Graham Mackrell, managing director of robotic gearing specialist Harmonic Drive UK, explains the three things industry can take away from the new standard
The British Standards Institute recently released a new set of standards for the ethical design of robots and robotic devices.
The standards highlight the growing need for guidelines on robotic safety, contact with human beings, robotic deception, addiction and possible sexism or racism exhibited by self-learning artificial intelligence systems.
When science fiction writer Isaac Asimov wrote about the three laws of robotics in his book Runaround in 1942, little did he know they would one day become a reality for a world filled with robots.
Like many other cutting edge technologies – artificial intelligence, big data analytics – additive manufacturing, or 3D printing, has been incorporated into daily use at Land Rover Ben Ainslie Racing with the help of the team’s Technical Innovation Group.
In this case, TIG partner Renishaw, a global metrology firm which manufactures metal additive manufacturing machines, as well as working with the more familiar 3D printing in plastics for its own prototyping.
David Atkins, projects director at Cressall Resistors, explains why design is essential not only in art, but also in industry, especially when designing equipment such as power resistors for demanding environments like oil and gas
One of the most popular works of Renaissance sculpture is Michelangelo’s David, a piece that has become synonymous with human strength and beauty.
Despite its seemingly perfect proportions, a basic design flaw of the statue has recently been brought to light.
Siemens has been showcasing some of the prestigious projects the company’s product lifecycle management software is being used for – and they include space and maritime projects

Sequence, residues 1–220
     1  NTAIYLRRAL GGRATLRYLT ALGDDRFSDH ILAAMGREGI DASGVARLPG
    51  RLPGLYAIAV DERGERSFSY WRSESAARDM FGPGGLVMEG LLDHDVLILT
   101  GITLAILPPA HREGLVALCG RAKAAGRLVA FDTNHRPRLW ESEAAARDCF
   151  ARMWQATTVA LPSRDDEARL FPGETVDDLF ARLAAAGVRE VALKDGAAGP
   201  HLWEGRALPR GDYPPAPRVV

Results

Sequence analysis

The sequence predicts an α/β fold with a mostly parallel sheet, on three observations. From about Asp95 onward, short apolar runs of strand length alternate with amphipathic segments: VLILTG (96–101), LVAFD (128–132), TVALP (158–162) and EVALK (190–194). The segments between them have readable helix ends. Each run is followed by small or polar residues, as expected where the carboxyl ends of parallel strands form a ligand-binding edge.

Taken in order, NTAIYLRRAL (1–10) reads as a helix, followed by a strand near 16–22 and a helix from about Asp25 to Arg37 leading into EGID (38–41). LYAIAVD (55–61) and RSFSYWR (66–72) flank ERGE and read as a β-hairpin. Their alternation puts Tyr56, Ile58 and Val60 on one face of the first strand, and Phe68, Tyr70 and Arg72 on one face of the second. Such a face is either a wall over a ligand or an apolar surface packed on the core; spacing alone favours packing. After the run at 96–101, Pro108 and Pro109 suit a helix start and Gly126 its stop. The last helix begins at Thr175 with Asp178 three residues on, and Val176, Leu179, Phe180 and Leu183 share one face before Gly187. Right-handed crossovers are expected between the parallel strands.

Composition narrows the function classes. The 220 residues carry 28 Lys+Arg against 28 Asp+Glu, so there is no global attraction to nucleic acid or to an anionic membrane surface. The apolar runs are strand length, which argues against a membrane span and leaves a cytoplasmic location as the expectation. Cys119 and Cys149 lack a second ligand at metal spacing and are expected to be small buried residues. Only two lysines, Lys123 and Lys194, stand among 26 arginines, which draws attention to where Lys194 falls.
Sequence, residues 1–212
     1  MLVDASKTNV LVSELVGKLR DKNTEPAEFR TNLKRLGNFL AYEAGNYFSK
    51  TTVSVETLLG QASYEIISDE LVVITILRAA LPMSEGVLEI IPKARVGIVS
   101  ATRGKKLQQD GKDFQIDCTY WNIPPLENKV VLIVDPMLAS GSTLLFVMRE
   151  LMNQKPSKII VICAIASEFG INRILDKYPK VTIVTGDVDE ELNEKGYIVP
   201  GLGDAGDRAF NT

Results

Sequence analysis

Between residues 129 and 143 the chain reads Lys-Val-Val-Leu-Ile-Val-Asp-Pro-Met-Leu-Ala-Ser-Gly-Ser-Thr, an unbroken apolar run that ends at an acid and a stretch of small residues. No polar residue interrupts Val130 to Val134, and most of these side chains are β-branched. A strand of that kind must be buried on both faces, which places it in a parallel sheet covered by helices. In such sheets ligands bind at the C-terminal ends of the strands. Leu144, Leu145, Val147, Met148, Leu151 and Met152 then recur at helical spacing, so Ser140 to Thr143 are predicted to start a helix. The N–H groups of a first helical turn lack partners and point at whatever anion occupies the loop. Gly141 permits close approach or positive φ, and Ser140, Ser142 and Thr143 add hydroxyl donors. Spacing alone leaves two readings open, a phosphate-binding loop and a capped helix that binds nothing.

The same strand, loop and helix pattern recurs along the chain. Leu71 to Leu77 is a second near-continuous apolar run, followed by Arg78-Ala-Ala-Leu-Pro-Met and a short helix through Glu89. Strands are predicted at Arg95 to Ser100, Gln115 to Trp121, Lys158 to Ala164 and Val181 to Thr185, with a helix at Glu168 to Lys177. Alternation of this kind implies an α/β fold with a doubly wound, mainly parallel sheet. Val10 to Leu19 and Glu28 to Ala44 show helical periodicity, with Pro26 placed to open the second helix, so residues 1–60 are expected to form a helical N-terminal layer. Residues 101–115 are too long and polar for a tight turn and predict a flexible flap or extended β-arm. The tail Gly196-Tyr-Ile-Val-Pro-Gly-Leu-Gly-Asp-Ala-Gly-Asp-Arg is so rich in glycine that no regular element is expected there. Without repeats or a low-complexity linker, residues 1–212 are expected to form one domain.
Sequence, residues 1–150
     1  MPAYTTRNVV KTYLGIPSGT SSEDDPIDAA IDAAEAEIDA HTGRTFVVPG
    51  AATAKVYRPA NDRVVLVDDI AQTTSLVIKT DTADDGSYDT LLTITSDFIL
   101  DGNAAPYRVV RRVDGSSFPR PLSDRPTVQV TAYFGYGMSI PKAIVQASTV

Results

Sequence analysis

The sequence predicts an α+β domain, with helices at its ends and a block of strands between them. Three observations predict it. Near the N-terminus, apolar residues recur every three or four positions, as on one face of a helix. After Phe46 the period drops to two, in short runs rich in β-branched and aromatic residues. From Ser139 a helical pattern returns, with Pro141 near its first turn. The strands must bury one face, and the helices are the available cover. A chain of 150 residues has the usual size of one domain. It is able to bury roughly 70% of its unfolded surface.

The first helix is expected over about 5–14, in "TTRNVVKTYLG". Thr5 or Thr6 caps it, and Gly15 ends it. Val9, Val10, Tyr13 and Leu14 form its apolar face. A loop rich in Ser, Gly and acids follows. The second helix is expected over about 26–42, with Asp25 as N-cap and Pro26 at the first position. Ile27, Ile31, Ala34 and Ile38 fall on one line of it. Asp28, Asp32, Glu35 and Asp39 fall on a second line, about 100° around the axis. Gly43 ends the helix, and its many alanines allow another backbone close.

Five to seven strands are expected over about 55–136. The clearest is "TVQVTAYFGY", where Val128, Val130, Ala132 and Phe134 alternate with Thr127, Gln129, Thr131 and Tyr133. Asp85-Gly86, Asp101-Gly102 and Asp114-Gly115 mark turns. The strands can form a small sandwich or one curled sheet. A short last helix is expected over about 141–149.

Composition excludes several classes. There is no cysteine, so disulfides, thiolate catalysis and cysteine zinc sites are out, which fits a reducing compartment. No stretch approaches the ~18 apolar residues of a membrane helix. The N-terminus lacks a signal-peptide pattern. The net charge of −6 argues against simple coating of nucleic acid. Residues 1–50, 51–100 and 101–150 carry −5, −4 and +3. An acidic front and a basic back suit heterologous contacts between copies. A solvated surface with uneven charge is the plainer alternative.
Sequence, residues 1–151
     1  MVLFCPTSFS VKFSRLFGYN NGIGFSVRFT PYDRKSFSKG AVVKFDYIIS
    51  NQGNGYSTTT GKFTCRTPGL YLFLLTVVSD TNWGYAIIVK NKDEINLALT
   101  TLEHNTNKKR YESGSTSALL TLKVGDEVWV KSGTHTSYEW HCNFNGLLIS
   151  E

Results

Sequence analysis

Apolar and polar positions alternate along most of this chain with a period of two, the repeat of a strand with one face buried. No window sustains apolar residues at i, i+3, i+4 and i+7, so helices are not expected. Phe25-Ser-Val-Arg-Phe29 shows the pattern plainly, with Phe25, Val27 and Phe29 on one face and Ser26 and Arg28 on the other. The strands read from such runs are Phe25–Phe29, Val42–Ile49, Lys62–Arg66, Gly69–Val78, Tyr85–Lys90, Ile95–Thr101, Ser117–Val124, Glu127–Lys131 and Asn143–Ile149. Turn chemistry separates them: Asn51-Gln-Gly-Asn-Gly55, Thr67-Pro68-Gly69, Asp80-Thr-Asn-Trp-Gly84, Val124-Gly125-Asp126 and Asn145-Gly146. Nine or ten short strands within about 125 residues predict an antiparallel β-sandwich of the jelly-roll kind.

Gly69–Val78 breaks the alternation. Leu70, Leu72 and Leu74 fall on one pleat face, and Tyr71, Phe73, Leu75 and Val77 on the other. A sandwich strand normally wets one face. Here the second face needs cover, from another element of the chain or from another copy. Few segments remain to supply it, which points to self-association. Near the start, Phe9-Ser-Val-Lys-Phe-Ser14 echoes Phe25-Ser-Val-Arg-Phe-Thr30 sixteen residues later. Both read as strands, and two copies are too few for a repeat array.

Whether it’s space taxis or passenger cars, America’s Cup yachts or Formula 1 race cars, products are more complex, smarter and more connected than ever before. Product Lifecycle Management software helps manufacturers transform their operations into digital enterprises and lead the way – with smarter products and smarter machines making them.
The world’s fastest Space Utility Vehicle will have to be able to withstand a lot.
Bob Hillier, managing director of product lifecycle management expert at Design Rule, explains why working with PLM value added resellers allows small and medium sized companies to get the most from their software
In 1963, children’s author Leo Lionni published his bestselling book, Swimmy. In this classic book, a school of smaller fish team up and swim as one, to avoid being eaten by the larger creatures.
The story sums up the challenges faced by small and medium sized enterprises, especially when it comes to product development.
Siemens, Strata and Etihad Airways have signed an agreement to work together to develop the first 3D-printed parts for aircraft interiors in the Middle East and North Africa.
The partnership aims to “revolutionize” the aerospace industry, leveraging additive manufacturing, known as 3D printing, to help airlines to improve their designs, including making complex parts on demand and manufacturing discontinued parts.
HIT Robot Group, which claims to be China’s leading robotics developer and manufacturer, has launched a configurable and flexible automatic production line for high-precision jade processing.